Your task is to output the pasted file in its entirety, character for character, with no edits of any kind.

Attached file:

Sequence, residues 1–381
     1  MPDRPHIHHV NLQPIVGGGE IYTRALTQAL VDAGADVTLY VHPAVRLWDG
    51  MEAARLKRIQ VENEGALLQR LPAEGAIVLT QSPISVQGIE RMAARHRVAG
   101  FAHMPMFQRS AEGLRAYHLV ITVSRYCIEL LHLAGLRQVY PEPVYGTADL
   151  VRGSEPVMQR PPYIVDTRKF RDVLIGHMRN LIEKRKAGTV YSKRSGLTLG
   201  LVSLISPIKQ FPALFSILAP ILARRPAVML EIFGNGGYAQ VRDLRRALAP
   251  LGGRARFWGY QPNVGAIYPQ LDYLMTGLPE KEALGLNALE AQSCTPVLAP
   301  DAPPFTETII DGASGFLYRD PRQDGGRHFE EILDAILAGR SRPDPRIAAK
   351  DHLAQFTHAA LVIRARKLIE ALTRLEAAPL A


Sequence, residues 1–381
     1  MPDRPHIHHV NLQPIVGGGE IYTRALTQAL VDAGADVTLY VHPAVRLWDG
    51  MEAARLKRIQ VENEGALLQR LPAEGAIVLT QSPISVQGIE RMAARHRVAG
   101  FAHMPMFQRS AEGLRAYHLV ITVSRYCIEL LHLAGLRQVY PEPVYGTADL
   151  VRGSEPVMQR PPYIVDTRKF RDVLIGHMRN LIEKRKAGTV YSKRSGLTLG
   201  LVSLISPIKQ FPALFSILAP ILARRPAVML EIFGNGGYAQ VRDLRRALAP
   251  LGGRARFWGY QPNVGAIYPQ LDYLMTGLPE KEALGLNALE AQSCTPVLAP
   301  DAPPFTETII DGASGFLYRD PRQDGGRHFE EILDAILAGR SRPDPRIAAK
   351  DHLAQFTHAA LVIRARKLIE ALTRLEAAPL A